L&T Chairman On Infrastructure, Private Capex And Budget 2022
Augmenting and accelerating private capital investment, in tandem with government outlays, are critical to achieving the goal set by Prime Minister Narendra Modi of building a $5 trillion economy by 2024-25. Since that heraldic announcement in 2019, the country, and indeed the whole world, has been buffeted by successive waves of the pandemic. While Covid-19 has caused tragic loss of lives and much human suffering, it has paradoxically turned out to be an inflection point as economies try to boost demand, repurpose expenditure, bridge infrastructure gaps, and infuse sustainability into their operations.
Observing this, Union Economic Affairs Secretary Ajay Seth recently said that capex in the private sector is showing early signs of revival. His optimism is based on several favourable conditions.
For instance, corporate results in the first two quarters of FY22 show that demand is set for a post-Covid rebound. The central government has risen to the occasion by increasing budgetary allocation for capex by 35% and creating more fiscal space by relaxing limits set under the Fiscal Responsibility and Budget Management Act. Meanwhile, deleveraging by several large corporates has strengthened their balance sheets and sharply improved profitability. Encouragingly, the financial sector has overcome its loan apathy and displayed a welcome readiness to lend. Non-performing assets have eased to a six-year low and the capital health of banks has shown an uptick.
Ingredients Are In Place
There is good news too from around the world. In what I believe is a much-needed shift in strategy, supply chains are being more broad-based and globally inclusive. Termed ‘China+1’, it will reduce the economic and political fallout of relying on a single nation for all their needs. This should be a shot in the arm for India’s exports. It has led to India attracting increased interest from international private equity investors. Private equity investors have doubled in the first half of 2021 with a total invested value of $30 billion – an increase of 120% over the first half of 2020, excluding Jio. India generated 44 unicorns in 2021 compared to 37 in the previous year.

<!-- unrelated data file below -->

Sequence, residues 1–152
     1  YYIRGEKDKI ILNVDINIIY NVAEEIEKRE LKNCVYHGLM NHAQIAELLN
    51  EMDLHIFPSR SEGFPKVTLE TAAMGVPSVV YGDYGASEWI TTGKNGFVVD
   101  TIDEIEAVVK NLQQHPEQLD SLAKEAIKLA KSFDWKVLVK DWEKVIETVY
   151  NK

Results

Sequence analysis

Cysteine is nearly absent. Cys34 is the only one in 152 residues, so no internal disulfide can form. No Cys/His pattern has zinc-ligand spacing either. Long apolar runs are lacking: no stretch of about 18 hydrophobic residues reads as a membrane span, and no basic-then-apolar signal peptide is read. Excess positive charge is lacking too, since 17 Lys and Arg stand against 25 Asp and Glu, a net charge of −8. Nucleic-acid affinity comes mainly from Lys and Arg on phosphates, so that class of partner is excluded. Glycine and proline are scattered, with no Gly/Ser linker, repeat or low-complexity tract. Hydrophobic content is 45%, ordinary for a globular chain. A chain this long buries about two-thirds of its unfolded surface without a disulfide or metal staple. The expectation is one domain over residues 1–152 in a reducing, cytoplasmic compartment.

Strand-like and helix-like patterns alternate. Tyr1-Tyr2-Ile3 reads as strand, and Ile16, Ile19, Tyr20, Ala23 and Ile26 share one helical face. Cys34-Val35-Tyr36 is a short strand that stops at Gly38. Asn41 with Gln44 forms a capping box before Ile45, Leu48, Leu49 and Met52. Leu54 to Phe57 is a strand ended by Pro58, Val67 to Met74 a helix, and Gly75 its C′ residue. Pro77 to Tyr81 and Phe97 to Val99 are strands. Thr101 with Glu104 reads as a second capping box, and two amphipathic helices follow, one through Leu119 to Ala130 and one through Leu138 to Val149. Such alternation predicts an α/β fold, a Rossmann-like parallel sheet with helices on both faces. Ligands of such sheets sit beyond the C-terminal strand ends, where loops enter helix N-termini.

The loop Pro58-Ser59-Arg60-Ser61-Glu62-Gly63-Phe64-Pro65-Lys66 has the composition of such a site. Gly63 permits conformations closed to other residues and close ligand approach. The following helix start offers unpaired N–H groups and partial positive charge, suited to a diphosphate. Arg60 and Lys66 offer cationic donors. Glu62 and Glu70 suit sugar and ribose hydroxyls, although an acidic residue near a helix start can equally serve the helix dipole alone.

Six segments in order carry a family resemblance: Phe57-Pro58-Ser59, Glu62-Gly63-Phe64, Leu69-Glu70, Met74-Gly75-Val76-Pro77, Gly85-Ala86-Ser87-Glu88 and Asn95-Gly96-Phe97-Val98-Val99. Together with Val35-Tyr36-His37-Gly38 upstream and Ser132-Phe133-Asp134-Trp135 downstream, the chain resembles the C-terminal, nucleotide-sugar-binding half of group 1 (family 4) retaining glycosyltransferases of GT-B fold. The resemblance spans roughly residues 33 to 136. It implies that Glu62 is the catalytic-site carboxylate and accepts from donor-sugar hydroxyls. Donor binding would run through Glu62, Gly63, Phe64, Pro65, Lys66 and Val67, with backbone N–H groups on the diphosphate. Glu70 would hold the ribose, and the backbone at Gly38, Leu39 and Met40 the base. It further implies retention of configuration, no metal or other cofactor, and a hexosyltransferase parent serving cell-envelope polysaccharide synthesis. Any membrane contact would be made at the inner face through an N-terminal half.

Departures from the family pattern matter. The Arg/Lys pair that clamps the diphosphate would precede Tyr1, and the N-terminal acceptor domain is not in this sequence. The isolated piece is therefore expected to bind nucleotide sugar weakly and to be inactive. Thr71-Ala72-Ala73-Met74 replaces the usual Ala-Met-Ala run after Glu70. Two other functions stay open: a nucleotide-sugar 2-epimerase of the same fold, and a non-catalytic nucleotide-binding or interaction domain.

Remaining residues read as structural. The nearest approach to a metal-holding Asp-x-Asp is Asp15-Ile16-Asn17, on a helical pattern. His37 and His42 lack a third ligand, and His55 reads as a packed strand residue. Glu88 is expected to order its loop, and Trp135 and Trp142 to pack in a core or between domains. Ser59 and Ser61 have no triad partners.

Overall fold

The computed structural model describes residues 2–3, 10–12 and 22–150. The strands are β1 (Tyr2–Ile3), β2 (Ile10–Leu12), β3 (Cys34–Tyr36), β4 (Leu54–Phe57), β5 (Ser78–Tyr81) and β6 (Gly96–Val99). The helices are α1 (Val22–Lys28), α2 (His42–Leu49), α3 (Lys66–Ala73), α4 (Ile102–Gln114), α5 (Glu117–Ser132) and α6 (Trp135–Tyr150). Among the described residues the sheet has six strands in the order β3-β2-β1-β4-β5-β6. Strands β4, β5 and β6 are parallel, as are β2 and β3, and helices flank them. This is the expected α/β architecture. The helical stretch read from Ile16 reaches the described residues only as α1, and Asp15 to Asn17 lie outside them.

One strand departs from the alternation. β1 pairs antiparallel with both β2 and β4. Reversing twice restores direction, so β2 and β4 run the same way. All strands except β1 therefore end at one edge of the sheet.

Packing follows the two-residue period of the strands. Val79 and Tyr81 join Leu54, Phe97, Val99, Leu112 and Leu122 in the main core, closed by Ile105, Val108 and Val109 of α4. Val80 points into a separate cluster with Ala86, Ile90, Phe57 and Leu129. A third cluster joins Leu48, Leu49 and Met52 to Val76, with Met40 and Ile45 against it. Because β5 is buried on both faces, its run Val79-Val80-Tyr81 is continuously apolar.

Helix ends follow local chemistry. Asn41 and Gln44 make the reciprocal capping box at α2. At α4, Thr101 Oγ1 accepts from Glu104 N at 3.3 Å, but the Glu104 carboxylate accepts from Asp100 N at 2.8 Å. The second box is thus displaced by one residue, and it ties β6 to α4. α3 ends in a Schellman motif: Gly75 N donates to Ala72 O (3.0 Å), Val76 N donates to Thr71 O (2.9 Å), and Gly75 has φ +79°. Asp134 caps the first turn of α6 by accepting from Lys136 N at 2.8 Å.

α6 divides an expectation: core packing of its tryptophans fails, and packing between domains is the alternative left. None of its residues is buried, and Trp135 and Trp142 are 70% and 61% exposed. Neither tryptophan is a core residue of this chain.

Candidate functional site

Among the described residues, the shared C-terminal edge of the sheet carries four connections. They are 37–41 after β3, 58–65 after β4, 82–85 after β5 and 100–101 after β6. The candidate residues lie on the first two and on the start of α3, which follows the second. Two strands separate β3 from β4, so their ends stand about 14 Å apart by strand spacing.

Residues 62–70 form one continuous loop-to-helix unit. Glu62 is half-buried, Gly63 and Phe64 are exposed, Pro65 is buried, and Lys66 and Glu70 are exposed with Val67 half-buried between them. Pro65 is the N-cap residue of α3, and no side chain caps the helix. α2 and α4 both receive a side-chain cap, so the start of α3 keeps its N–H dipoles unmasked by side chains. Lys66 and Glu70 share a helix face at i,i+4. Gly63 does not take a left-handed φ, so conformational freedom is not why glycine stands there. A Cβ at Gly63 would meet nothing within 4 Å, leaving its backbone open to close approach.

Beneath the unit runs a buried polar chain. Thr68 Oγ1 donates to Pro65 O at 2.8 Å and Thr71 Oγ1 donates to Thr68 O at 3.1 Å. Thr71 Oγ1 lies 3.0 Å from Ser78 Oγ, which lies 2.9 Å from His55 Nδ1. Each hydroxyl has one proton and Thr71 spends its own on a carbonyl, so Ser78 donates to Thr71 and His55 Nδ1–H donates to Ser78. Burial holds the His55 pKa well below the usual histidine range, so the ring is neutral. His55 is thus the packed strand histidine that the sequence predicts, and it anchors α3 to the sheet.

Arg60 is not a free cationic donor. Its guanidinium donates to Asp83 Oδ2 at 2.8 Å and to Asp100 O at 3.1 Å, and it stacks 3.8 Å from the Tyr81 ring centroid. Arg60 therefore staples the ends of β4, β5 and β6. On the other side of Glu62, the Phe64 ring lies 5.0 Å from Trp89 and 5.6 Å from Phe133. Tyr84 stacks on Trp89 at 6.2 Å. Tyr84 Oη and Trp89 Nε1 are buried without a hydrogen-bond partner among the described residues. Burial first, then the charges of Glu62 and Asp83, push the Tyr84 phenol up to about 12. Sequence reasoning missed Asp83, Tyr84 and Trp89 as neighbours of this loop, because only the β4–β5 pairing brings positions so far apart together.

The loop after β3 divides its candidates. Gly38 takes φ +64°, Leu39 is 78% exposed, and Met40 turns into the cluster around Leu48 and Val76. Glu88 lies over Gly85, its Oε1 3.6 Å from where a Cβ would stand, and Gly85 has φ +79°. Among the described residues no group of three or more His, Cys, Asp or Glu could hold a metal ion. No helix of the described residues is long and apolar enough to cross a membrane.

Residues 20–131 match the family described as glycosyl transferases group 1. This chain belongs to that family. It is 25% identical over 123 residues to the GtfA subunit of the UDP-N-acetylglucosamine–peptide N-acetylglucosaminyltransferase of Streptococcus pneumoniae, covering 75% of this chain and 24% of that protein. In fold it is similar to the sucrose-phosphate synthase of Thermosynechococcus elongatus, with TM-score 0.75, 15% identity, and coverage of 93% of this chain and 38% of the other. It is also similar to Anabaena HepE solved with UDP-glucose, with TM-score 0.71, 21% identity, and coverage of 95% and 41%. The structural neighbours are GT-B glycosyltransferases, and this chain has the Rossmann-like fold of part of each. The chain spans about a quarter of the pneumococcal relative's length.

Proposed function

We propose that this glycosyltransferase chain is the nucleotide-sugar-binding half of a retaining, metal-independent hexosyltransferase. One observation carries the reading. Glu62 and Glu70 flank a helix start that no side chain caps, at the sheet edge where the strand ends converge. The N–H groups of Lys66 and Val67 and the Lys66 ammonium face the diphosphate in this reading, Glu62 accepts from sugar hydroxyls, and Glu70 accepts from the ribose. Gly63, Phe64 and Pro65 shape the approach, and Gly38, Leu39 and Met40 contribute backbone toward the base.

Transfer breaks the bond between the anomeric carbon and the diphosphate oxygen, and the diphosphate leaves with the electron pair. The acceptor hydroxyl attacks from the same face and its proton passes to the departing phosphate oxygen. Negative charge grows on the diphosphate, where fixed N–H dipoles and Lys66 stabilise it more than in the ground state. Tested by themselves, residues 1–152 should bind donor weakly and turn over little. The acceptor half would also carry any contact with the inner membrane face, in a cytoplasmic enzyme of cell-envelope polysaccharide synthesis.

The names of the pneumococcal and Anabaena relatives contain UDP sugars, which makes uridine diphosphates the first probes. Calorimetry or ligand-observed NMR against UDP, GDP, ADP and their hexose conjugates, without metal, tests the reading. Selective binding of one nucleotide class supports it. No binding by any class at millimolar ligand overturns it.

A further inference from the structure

From a sectoral perspective, certain segments are relatively better placed to benefit from the upswing in investments. The National Infrastructure Pipeline (outlay of Rs 111 lakh crore over the FY20-25 period) has offered significant opportunities for private investment (around 20% of total outlay). Since it is a dynamic plan (up from 6,835 projects to around 9,000 now), new opportunities will continue to emerge. The National Monetisation Pipeline too offers different modes for private participation customised to asset classes. Schemes such as production-linked incentives and the new semiconductor policy provide the much-needed impetus to domestic manufacturing and present an opportunity to reduce imports and increase export competitiveness.
India is at the forefront of adopting equitable and even-handed solutions to the climate change crisis. The government has skillfully and successfully walked the diplomatic tightrope in securing approvals for the COP-26 announcements and paved the way for abundant opportunities in renewable energy, green hydrogen, energy storage, and electrification of transport.
On the realty front, improved buyer interest has been spurred by low home loan interest rates and customer-centric regulations. On their part, developers have unveiled new offerings with sweeteners in the form of payment flexibility. Better prices should prompt hesitant property seekers to cross the ‘Welcome’ mat and affirm purchase.
Other positive initiatives include the recent tax reforms, a stronger manufacturing ecosystem, and the rapid expansion and growth of the e-commerce sector. This should add more traction to investments in logistics and warehousing. Also, increasing digitalization and localization norms for handling data would further add to demand for data centres.
Avoiding Past Mistakes, Tackling New Risks
While there is much that is conducive to augmenting investment flow, it is important to flag factors that can prove detrimental to the larger interests of the economy.